A Character By Any Other Name Wouldn’t Smell As Sweet

Posted: November 14, 2012 in Discussions, On Writing
Tags: , , , , ,

I’d like to look at the importance of character names today.

Some may think that a name’s a name, right? Or “A rose by any other name would smell as sweet”. No. Wrong, wrong, wrong (in literature).

Your characters names should in some way, shape, or form, reflect notable characteristics they have. The best way to have a plethora of names at your fingertips would be to buy a name dictionary or a baby name book. Mine’s called The Name Dictionary by Alfred J. Kolatch, and consists of both modern english (modern as of 1967, when it was written) and hebrew names. Besides just lists of names, this book also provides a background or definition of the name. (Or, if you don’t feel like spending the cash on another book, use baby naming websites, they are extremely useful and often will provide background on the name as well.) This is not exactly necessary for naming characters, the definition doesn’t have to match the character so much as the sound or the effect the name has on the mind should correlate.

Take for example, Stark, the villain from Stephen King’s The Dark Half. Stark has a rough, tough, brusque feel to it, instantly making us think: menace. I’d provide the definition in my name dictionary, but there is no Stark in there.

Say your character is older, a great place to start looking for these types of names would be with grandparents and older relatives. Throughout history names have come and gone in the sense of popularity. When I was growing up, there were more Jessicas, Heathers, and Lauras than you could imagine, and the same went for the masculine Tylers, Stevens, and Jesses. Though back when my Mom was younger, Stephanie was a popular names. Now days, it seems just about anything goes for a name (though it seems to me that you’d be hard pressed to find a Tyler or Heather younger than twelve). I wouldn’t be surprised if some “super star” named their kid “Spoon”, hell, you never know. The abstract and obscure names are hot right now, and soon enough it’ll be a thing of the 2010’s and the next popular names will crop up. You don’t need to concern yourself with what’s popular right now, unless you’ve put an infant into your story. Think of the age of your main character, then do a little research and see what was in style then. Back in the 1920’s, names like Ethel and Hazel and Blanche, were sensual or sexy names, for a young woman. Now days, (to me at least) names like that bring up images of grandparents and the elderly.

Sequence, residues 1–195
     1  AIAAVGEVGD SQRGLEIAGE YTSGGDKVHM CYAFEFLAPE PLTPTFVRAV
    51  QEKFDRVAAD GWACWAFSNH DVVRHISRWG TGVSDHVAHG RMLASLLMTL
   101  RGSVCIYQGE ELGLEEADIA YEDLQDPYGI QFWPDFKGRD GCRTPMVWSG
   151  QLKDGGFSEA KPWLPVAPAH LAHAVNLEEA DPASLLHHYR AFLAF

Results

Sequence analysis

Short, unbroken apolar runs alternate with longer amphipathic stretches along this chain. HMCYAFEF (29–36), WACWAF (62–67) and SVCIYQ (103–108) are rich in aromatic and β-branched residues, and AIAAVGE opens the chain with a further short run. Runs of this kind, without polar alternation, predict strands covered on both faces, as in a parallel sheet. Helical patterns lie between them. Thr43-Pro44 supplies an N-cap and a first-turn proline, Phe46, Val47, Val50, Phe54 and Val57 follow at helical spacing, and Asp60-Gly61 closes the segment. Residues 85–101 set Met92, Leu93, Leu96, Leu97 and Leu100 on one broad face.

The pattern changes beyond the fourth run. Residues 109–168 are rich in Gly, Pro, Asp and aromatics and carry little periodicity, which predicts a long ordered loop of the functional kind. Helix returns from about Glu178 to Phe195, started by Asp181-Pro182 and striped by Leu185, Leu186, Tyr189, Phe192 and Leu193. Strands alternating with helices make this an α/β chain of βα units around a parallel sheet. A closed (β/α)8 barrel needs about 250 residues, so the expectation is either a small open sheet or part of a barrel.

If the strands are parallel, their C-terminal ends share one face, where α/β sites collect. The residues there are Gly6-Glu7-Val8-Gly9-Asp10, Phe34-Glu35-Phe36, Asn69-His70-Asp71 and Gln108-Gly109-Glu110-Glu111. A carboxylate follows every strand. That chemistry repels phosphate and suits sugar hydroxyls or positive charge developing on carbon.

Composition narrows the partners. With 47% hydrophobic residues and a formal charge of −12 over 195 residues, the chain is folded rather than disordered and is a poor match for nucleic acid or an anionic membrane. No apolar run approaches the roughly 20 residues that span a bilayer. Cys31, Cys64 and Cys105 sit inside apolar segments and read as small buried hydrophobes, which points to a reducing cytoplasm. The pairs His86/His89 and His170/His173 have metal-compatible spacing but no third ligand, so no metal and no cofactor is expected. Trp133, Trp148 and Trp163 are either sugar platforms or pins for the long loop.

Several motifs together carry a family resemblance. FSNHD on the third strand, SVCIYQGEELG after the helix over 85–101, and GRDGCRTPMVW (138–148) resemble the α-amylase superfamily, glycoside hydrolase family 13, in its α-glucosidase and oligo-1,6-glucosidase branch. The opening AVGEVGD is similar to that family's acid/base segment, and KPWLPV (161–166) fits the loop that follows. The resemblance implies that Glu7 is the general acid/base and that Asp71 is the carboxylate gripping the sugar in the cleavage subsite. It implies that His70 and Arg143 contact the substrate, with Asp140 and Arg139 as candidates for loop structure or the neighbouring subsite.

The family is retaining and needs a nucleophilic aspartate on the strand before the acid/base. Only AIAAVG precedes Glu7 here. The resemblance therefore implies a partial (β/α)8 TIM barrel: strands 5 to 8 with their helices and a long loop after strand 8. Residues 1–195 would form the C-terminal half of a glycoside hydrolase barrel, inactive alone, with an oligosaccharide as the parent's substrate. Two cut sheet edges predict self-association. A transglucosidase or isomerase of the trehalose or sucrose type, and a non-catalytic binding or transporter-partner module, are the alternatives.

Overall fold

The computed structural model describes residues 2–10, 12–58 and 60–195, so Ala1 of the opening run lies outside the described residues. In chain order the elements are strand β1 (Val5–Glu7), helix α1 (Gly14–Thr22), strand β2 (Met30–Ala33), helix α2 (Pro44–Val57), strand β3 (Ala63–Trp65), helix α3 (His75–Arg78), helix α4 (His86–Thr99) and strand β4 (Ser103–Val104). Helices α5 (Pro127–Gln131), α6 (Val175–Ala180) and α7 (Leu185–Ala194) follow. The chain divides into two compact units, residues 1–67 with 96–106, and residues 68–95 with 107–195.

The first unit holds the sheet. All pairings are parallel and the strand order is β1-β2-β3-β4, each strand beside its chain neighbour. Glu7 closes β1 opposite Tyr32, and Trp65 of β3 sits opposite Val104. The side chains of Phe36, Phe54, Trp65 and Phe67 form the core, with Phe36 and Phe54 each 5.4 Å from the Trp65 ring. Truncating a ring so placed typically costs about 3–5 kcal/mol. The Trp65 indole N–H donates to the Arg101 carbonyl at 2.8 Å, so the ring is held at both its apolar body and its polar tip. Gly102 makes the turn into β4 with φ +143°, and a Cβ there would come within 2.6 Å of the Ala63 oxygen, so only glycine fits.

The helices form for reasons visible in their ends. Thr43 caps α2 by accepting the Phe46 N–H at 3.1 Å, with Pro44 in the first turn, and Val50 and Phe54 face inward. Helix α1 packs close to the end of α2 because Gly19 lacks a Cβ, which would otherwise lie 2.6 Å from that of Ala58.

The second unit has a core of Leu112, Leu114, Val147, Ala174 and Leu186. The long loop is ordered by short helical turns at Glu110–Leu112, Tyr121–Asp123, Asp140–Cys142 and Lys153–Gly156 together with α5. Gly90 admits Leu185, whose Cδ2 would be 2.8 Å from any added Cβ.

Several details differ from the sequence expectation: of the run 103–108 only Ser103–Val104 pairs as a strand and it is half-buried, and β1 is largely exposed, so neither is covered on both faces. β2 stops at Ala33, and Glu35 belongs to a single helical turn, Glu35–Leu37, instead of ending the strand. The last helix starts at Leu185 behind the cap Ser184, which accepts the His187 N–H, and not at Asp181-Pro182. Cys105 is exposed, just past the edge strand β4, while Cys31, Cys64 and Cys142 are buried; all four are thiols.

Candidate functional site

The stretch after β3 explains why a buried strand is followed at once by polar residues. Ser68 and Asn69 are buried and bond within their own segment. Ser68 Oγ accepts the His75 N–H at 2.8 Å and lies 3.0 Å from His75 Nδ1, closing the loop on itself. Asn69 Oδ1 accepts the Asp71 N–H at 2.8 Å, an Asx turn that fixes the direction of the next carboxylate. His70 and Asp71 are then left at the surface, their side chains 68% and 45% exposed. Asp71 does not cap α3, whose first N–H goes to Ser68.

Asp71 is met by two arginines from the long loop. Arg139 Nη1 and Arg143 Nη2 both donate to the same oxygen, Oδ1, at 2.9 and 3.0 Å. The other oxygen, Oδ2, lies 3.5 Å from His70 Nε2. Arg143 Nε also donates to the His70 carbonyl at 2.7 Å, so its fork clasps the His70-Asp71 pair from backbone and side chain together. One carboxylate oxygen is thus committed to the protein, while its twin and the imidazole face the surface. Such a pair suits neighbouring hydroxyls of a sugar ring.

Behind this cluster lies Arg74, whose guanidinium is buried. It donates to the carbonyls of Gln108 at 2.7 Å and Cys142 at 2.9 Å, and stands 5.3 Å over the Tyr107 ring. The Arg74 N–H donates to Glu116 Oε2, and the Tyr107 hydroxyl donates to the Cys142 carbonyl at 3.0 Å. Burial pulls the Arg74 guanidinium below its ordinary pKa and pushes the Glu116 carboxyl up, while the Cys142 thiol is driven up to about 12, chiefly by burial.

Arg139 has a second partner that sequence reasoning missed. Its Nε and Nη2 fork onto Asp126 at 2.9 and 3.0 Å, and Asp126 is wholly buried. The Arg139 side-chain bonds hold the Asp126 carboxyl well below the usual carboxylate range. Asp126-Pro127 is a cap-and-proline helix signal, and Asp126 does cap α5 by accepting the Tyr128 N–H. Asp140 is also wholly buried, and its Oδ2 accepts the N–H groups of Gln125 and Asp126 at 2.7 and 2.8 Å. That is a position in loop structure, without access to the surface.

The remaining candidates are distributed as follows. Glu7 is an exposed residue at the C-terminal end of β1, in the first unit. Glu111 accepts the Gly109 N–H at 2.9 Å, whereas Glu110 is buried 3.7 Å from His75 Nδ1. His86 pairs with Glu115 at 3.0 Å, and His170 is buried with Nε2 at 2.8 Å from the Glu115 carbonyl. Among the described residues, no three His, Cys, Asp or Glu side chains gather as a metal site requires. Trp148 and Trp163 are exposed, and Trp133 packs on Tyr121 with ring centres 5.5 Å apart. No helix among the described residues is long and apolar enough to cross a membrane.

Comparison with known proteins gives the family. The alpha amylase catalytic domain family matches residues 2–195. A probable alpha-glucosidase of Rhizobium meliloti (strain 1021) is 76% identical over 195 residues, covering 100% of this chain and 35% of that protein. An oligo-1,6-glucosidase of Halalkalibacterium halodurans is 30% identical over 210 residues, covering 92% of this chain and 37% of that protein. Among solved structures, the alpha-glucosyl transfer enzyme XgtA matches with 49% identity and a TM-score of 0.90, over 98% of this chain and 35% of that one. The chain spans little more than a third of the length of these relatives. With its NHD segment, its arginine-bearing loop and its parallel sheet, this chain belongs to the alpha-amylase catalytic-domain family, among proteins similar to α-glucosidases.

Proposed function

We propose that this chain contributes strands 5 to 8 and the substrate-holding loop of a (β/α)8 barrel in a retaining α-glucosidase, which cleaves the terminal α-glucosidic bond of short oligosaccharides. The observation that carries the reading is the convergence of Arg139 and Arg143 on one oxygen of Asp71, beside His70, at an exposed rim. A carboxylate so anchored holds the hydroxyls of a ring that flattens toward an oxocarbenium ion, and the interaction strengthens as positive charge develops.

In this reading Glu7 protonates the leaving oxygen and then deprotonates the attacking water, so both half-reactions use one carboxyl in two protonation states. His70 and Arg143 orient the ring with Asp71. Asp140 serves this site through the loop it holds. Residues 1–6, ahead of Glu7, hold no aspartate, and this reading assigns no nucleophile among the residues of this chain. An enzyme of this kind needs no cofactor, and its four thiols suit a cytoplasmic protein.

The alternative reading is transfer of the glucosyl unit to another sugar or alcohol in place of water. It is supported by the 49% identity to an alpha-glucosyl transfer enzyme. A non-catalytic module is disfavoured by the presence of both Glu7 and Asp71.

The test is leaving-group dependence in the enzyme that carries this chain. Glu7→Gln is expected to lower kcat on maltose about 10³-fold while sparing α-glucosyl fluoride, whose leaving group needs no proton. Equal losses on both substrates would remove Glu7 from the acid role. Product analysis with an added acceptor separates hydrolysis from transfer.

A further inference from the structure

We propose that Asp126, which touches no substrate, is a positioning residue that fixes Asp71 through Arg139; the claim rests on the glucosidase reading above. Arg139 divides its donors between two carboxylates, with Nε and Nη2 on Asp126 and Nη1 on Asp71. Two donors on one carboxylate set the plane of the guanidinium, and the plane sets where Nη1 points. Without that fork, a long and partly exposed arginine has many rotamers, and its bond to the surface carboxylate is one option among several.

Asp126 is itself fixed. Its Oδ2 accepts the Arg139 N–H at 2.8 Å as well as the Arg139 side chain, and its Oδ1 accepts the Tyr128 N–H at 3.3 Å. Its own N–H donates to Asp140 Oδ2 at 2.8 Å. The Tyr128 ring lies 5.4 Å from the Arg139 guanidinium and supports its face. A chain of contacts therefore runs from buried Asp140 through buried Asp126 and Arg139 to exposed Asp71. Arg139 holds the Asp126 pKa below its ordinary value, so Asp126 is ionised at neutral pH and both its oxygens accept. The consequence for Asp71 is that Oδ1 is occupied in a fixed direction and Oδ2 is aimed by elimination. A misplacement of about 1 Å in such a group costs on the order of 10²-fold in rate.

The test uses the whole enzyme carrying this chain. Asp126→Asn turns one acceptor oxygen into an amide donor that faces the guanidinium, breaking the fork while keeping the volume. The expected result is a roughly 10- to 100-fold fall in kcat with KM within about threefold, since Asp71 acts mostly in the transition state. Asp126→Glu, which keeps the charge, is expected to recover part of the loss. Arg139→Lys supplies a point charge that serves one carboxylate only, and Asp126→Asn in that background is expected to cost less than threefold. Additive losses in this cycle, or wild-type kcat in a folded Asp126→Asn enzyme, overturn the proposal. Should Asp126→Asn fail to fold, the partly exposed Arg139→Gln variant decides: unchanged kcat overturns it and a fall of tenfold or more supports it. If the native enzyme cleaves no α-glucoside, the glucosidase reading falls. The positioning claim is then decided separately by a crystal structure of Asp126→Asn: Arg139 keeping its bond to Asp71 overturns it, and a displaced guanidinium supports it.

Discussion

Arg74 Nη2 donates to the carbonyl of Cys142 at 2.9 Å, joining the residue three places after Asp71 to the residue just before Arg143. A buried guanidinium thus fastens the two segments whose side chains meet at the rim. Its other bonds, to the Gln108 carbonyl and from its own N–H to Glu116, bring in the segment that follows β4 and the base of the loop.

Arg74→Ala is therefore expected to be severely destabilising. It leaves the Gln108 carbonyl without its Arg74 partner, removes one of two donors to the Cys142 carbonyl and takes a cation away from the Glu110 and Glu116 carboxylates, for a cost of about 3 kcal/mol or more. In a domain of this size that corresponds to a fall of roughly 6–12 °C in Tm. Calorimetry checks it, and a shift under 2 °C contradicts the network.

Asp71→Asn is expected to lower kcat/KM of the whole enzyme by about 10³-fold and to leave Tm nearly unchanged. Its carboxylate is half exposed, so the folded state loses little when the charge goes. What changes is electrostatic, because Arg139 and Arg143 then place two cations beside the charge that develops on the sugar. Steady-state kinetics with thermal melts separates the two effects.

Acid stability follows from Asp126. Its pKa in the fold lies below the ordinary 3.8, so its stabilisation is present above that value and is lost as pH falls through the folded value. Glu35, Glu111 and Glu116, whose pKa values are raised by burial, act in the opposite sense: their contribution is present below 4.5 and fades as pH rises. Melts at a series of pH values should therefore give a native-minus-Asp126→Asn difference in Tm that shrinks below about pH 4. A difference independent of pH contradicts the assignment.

The research holds its importance in regards to period novels as well. You wouldn’t very well drop a Harold into a prehistoric novel, give him a club and expect your readers to believe it. It’d be best to choose a simple name which people would associate with the grunting sounds cave men supposedly made, like Grun, or Agon, or anything similar and simple, think no more than four letters, preferably two vowels.

Say your character is the epitome of innocence, a great name for a girl would be Hope, Charity, or Heaven. If you’re looking for a more sensual female name, Amber, Candace, or (ironically) Chastity.

Ironic names are useful as well. For example, I heard of a young woman (close to my age) named Chastity, who was a slut. I found it hilarious that her parents would unknowingly give her such a wholesome and sweet name, when she turned out quite the opposite. But be careful when using ironic names, you don’t want to confuse your readers with deep meanings to names they don’t understand. Chose something that has a definition of its own as a word, rather than a name with religious meaning or a derivative widely unknown. Try Justice for a woman on the run, or Grace for a clutz.

Another plethora of name ideas would be the news paper, and the real world around you. Say you’ve got a friend whose name you love, rather than offending her and using both her first and last, combine her first name with a different last name, or put your own twist on the spelling of it so it reads a little differently. But, please, for your sake, refrain from using names (both first and last) that you know to belong to a real person. Failing to do so could easily result in a law suit or at least hurt feelings.

Names are an important aspect of how your readers feel about the character. Think of naming your characters like setting the tone and mood for your story. There are certain names that give the reader an instant sense of who the character is. Carefully consider your character’s personality type before naming them. And of course you can always break the rules (sometimes I think that’s the only reason we have rules in the first place: so it’d be so much fun to break them!), and make exceptions, or put your own twist on things.

I this helps someone.

Comment, if you like. What do you think about naming characters? What are some names you’ve used? What are some names you like? What are some names you avoid, and why? The best part of my day is reading the comments you all leave. =]

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Comments
  1. The Hook says:

    Names are tough, no question. Originality is hard to come by these days…

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